Comments to eBook Ballet's Magic Kingdom: Selected Writings on Dance in Russia, 1911-1925
Kadar
Ballet's Magic Kingdom is definitely one of the few dance critic volumes that is a must-read for balletomanes (the others are Arlene Croce's great series of books and Edwin Denby's collected writings). Volynsky was a Jewish writer in St. Petersburg during the last years of the Imperial Ballet era. He saw Mathilde Kschessinskaya, Anna Pavlova, Olga Spessivtseva, Tamara Karsavina and other legendary names dance. His descriptions of them are vivid and illuminating. For instance he says that Mathilde Kschessinskaya's feet had "almost no arch" but that she wowed the crowds with effortless "double and triple turns" and "the most difficult cabrioles." A female dancer dancing cabrioles? Even today that implies a dancer of remarkable strength and virtuosity. His favorite dancer was Anna Pavlova. His description: "Anna Pavlova has a phenomenal arch, which she almost dares not bend entirely when she lifts herself on pointe. If she were to extend it, she'd break her foot."

Volynsky is like many balletomanes fiercely opinionated. For instance he loathed the "revolutionary" ballets of Mikhail Fokine. He also loathed the modern dance movement of Isadora Duncan but praised Duncan's "lovely artistry." He follows up with this paean to Duncan's charisma: "Duncan is beautiful in the purity of her emotions, which inspire the viewer more rapidly than any other more perfect form of art." He was a fierce protector of Petipa and the purity of academic classical ballet.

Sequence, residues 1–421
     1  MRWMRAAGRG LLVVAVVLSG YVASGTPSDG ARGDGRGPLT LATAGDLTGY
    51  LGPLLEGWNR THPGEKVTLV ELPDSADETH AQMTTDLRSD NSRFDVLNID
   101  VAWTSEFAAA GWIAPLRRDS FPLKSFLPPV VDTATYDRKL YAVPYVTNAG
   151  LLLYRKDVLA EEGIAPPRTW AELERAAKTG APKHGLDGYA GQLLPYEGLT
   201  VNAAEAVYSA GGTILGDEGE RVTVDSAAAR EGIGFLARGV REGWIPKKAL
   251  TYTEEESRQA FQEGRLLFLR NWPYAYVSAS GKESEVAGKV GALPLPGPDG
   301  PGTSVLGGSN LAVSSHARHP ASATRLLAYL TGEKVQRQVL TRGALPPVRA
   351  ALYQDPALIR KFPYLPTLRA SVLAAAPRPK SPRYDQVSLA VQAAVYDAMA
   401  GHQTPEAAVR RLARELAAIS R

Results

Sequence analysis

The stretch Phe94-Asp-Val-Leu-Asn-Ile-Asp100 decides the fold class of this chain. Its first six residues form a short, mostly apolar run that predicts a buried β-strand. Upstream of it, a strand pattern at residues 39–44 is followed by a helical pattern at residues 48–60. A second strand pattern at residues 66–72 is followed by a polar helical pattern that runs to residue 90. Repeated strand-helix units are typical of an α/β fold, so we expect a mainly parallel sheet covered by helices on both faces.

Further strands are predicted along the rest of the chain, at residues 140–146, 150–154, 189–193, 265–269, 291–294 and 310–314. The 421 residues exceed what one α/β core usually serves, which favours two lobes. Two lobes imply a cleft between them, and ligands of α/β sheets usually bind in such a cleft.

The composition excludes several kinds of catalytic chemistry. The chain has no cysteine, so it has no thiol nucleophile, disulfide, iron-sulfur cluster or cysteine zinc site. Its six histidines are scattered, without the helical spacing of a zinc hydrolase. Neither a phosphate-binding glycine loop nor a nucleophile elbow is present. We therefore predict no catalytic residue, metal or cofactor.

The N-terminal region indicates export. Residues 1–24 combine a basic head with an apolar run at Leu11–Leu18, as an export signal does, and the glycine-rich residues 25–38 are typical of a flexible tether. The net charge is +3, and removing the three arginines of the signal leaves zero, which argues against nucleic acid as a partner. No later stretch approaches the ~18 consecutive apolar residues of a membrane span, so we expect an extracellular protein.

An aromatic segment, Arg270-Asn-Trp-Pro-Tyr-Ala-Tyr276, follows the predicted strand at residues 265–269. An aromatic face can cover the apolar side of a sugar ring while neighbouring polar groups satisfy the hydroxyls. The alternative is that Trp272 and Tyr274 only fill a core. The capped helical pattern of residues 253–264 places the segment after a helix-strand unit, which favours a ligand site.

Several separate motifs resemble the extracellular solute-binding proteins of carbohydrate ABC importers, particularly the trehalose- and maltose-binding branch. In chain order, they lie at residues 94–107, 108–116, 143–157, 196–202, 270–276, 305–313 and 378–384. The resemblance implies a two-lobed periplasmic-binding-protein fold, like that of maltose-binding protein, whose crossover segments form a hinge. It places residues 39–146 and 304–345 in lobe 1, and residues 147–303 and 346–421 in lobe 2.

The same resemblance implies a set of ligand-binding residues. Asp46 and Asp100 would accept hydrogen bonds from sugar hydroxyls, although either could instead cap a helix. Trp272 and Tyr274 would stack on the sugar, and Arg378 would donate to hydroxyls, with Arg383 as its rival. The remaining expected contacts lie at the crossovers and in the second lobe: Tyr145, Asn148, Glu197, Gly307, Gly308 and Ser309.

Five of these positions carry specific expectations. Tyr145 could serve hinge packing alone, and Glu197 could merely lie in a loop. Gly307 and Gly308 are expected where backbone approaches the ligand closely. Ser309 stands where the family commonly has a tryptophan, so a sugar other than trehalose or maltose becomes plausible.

The second half of the book is devoted to Volynsky's "The Book of Exaltations: The ABC's of Classical Dance." Think it sounds boring? It's not. Volynsky applies his voluminous knowledge of Greek classical culture to create the most vivid description about the basic structure of classical ballet. His essays on turnout, posture, croise vs. efface, are models not only of dance writing but of descriptive writing. Volynsky is knowledgable, passionate, opinionated, and a great writer. His book is a must-have.
Amhirishes
I am so thrilled with this book that I want to kiss the translator's hands. The deep thinker, dance critic, art historian, AND ballet pedagogue Volynsky? Writings during a crucial period in Russian and ballet history? In English? Too good to be true... If only ballet would be taken so seriously today. It should be. It can withstand the intellectual rigor.
Levion
Needed more interpretation by compiler
elegant stranger
I purchased this book as a gift for my daughter and son-in-law who were ballet dancers in an earlier time. Now they are interested in other forms of dance. I thought that it would be a good reminder of days gone by and they seemed delighted with the gift.
Vizil
I had read the NY Times Book Review of this book and purchased it. It arrived in a timely manner, in excellent condition. It provides a unique perspective on a very significant period in ballet history.
Pettalo
Excellent read.

Good details and overall professionalism.

Tocuh of Art in the composition.